Smoking in the car a rising problem, experts find
Tobacco smoke exposure in the car has become more common for kids whose parents smoke, a trial-based survey found.
"Childhood tobacco smoke exposure in confined spaces should be considered an intervention priority in the pediatric setting because children's exposure to tobacco smoke is involuntary, and no one other than the child's health care provider may have the opportunity to advocate for smoke-free cars," Medpage reported the researchers having said.
The researchers interviewed 795 parents who smoked and owned a car, as part of the larger Clinical Effort Against Secondhand Smoke Exposure, a pediatric intervention trial.
Fewer than one in three parents — 29 percent — reportedly have a smoke-free policy in their car. Just 24 percent reported strictly enforcing the policy.
There is no safe level of exposure to tobacco smoke, the U.S. surgeon general says. "Babies and children who breathe secondhand smoke are more likely to be sick with bronchitis, pneumonia and ear infections. They are also more likely to cough and wheeze than children who aren't exposed to tobacco smoke," CBS News reported.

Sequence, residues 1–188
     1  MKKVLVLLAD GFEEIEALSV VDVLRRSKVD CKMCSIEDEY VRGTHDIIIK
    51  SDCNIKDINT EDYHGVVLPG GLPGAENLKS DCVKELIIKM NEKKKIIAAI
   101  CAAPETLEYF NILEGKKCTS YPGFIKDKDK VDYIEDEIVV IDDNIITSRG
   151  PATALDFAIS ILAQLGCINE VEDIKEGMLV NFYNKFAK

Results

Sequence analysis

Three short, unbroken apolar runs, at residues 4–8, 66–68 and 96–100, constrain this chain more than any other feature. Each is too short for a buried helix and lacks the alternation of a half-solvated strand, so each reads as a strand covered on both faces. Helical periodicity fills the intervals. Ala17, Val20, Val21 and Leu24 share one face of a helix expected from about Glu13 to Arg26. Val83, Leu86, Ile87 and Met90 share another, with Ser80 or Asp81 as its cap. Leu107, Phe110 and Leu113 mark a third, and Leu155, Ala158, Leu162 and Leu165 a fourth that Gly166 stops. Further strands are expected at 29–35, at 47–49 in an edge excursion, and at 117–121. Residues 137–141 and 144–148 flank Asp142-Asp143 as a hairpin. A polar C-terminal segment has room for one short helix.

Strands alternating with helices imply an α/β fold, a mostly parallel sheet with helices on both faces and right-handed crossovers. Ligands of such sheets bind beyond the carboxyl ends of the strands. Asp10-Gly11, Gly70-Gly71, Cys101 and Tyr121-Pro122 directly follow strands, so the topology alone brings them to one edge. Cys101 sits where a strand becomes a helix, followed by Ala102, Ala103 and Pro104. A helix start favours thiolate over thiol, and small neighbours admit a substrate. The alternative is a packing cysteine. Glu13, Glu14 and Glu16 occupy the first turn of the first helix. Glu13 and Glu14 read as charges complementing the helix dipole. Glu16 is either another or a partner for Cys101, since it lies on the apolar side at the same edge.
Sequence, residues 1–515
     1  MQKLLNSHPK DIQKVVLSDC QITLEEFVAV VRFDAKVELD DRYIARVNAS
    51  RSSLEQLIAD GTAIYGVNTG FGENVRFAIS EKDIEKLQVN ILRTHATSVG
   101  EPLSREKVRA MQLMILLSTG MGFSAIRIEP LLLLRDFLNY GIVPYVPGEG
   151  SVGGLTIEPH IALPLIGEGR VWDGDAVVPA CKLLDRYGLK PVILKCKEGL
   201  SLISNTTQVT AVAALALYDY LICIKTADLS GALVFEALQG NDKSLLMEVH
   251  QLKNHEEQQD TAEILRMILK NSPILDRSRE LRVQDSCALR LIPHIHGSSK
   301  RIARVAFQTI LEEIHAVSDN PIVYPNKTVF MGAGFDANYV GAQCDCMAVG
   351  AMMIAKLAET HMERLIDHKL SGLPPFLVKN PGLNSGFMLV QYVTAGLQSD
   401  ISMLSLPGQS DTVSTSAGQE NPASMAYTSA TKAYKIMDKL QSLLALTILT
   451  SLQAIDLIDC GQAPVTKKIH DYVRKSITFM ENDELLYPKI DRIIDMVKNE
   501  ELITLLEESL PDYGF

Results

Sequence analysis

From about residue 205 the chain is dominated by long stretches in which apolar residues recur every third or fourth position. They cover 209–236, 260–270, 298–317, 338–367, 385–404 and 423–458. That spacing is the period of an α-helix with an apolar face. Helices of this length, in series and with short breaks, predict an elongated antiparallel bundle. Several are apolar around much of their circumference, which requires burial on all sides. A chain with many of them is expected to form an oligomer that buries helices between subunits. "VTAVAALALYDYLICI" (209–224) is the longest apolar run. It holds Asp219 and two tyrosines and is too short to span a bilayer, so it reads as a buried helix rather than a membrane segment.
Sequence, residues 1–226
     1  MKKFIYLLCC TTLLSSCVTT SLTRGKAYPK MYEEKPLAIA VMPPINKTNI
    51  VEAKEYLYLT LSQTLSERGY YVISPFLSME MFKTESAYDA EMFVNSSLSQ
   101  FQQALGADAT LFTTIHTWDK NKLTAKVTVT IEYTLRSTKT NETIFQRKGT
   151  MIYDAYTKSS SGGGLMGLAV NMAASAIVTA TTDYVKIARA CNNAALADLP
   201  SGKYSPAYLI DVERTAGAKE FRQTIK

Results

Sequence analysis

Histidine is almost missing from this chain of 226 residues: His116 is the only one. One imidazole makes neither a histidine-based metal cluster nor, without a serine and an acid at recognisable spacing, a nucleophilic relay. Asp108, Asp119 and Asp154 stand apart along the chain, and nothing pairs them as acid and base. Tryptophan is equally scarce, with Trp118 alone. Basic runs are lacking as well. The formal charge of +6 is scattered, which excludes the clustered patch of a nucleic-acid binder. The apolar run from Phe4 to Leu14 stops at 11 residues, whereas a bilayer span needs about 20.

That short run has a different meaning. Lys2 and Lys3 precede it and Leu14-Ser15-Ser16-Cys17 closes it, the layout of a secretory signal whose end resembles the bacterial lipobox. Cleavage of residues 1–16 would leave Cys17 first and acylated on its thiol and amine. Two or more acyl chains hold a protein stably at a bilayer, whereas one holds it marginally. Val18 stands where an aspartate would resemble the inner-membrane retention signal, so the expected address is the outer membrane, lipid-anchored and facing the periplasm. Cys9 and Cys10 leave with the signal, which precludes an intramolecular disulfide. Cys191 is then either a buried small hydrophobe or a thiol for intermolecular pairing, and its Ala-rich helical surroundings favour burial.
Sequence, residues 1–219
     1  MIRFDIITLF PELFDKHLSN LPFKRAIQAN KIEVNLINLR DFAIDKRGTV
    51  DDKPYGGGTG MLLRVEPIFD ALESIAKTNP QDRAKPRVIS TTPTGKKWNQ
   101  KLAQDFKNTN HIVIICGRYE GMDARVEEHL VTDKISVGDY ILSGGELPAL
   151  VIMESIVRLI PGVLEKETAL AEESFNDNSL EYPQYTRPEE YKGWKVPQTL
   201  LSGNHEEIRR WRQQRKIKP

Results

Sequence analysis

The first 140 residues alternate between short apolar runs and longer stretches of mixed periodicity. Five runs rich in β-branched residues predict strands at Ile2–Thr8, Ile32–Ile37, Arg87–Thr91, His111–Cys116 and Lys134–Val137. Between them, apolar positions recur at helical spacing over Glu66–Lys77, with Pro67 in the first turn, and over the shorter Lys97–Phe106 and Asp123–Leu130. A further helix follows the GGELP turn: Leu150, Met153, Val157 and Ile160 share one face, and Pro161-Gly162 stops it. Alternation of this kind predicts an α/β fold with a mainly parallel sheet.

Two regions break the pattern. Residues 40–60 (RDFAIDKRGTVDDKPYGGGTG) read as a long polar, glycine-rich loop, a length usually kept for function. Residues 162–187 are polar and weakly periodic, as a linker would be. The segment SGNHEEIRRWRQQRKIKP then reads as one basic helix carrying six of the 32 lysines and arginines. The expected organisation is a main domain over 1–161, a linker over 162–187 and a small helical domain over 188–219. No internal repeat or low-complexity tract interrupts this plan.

A reported 73 percent of the participants said they or someone else had smoked in the car in the prior three months. Of the 562 parents who did not have a smoke-free car policy, 48 percent smoked in the car in the presence of their children.
The study will be published in the upcoming December issue of the journal Pediatrics.
Parents shouldn't ever smoke in a car that transports children, pediatricians at HealthChildren.org tell CBS. The cigarette smoke fills the seats and other materials with toxins, even if the windows are open. They offer tips to keeping a smoke-free car.
Time smoking breaks for when the children are gone, pediatricians suggest. Fill the car's ashtray with spare change instead of ash. Leave a cellphone charger plugged into the car's adapter outlet to avoid the temptation of using the lighter, they advise, and store the cigarettes in an out-of-reach area while driving.
Rachel Lowry is a reporter intern for the Deseret News. She has lived in London and is an English graduate from Brigham Young University. Contact her at email@example.com or visit www.rachellowry.blogspot.com.